The food safety divisions of the  World Health Organization, the European Commission and dozens of others also have ruled that without pollen there is no way to determine whether the honey came from legitimate and safe sources.

honey-without-pollen-food-safety-news1.jpgIn the U.S., the Food and Drug Administration says that any product that’s been ultra-filtered and no longer contains pollen isn’t honey. However, the FDA isn’t checking honey sold here to see if it contains pollen.

Ultra filtering is a high-tech procedure where honey is heated, sometimes watered down and then forced at high pressure through extremely small filters to remove pollen, which is the only foolproof sign identifying the source of the honey. It is a spin-off of a technique refined by the Chinese, who have illegally dumped tons of their honey – some containing illegal antibiotics – on the U.S. market for years.

Food Safety News decided to test honey sold in various outlets after its earlier investigation found U.S. groceries flooded with Indian honey banned in Europe as unsafe because of contamination with antibiotics, heavy metal and a total lack of pollen which prevented tracking its origin.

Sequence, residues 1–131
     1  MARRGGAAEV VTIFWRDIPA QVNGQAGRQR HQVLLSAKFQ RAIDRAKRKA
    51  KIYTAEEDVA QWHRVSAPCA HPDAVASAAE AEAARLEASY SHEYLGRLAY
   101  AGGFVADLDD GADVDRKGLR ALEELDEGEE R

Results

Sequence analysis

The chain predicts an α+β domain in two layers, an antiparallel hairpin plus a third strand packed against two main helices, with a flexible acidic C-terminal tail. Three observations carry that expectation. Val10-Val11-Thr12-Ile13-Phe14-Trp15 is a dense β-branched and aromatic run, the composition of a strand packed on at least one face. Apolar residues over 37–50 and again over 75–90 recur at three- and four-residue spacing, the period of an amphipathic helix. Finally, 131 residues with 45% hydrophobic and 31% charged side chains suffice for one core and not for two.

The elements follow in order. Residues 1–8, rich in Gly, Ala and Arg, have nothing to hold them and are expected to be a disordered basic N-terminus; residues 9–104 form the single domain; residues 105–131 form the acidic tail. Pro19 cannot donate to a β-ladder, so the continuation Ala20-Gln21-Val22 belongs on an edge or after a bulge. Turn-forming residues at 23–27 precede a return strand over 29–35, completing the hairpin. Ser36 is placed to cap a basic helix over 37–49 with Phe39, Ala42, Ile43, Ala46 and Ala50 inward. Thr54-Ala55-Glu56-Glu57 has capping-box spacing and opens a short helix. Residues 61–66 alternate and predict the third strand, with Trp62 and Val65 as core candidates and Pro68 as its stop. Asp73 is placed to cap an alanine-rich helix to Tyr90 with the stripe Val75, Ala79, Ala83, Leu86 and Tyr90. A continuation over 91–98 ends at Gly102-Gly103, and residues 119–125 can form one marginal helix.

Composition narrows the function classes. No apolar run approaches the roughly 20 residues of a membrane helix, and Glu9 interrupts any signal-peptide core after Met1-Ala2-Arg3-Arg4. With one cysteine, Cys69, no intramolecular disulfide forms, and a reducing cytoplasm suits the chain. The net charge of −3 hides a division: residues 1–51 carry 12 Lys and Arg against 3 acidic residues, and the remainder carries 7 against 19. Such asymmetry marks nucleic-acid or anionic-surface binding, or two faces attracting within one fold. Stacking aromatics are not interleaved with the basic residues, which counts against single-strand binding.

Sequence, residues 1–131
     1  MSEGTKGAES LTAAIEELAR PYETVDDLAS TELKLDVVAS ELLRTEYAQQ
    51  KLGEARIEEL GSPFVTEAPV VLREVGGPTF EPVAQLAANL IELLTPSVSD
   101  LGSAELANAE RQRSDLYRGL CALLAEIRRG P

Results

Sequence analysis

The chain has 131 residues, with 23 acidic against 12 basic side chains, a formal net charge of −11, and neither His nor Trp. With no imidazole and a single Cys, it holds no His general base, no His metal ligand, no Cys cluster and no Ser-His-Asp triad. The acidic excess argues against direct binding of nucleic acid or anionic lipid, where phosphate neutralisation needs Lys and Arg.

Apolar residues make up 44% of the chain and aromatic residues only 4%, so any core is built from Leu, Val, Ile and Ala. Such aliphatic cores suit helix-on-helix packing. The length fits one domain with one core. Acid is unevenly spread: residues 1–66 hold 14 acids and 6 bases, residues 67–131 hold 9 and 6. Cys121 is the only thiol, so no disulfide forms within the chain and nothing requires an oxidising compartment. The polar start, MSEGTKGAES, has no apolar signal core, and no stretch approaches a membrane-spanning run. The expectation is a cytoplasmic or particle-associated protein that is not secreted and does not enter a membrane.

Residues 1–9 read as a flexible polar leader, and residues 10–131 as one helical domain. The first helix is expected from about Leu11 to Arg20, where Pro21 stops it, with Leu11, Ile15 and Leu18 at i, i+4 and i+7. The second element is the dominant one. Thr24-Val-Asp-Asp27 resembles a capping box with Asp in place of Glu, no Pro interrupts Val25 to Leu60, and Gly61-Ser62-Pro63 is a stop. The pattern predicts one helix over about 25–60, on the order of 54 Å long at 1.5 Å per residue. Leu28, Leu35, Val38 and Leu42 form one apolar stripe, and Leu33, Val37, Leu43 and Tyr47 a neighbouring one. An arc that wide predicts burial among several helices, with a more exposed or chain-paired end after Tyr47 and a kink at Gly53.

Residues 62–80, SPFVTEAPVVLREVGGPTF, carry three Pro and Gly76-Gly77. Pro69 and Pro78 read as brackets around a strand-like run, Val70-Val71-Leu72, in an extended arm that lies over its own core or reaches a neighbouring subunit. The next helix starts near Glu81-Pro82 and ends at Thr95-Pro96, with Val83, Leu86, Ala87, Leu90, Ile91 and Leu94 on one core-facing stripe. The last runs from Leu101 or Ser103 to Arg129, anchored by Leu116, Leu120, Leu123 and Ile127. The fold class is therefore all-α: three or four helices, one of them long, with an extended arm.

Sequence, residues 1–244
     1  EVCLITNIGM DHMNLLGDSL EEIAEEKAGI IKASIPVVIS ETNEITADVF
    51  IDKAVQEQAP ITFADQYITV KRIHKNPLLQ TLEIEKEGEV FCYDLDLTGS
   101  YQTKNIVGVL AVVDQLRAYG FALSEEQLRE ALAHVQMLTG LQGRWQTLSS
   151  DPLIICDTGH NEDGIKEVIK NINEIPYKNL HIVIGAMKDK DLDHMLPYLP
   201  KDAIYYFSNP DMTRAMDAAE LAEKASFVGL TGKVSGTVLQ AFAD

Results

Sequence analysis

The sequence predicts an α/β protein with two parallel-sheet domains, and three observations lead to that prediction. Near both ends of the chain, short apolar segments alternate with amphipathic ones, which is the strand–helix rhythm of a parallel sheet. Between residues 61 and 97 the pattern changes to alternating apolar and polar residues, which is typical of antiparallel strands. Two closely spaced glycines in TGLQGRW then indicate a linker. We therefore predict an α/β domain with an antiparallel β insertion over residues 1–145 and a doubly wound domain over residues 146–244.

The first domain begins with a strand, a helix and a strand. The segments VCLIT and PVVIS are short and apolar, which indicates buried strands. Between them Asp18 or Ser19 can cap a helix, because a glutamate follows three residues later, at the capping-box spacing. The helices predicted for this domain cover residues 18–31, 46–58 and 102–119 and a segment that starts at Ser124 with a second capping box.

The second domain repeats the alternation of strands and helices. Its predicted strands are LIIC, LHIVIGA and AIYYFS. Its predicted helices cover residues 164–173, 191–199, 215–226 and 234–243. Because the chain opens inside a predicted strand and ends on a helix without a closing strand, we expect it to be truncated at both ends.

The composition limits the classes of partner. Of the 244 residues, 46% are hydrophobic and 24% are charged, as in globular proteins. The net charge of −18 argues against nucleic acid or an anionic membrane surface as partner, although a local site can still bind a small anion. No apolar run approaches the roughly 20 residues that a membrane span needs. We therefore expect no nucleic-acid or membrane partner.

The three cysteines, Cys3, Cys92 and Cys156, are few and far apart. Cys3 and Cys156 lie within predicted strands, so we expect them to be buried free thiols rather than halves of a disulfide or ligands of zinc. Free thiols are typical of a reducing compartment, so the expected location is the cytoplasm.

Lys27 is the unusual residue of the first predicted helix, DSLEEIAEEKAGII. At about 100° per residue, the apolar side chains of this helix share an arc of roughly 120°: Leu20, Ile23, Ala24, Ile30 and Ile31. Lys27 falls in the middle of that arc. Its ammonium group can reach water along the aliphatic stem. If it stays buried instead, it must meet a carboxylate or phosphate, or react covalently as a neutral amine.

Food Safety News purchased more than 60 jars, jugs and plastic bears of honey in 10 states and the District of Columbia.

The contents were analyzed for pollen by Vaughn Bryant, a professor at Texas A&M University and one of the nation’s premier melissopalynologists, or investigators of pollen in honey.

Bryant, who is director of the Palynology Research Laboratory, found that among the containers of honey provided by Food Safety News:

•76 percent of samples bought at groceries had all the pollen removed, These were stores like TOP Food, Safeway, Giant Eagle, QFC, Kroger, Metro Market, Harris Teeter, A&P, Stop & Shop and King Soopers.

•100 percent of the honey sampled from drugstores like Walgreens, Rite-Aid and CVS Pharmacy had no pollen.

•77 percent of the honey sampled from big box stores like Costco, Sam’s Club, Walmart, Target and H-E-B had the pollen filtered out.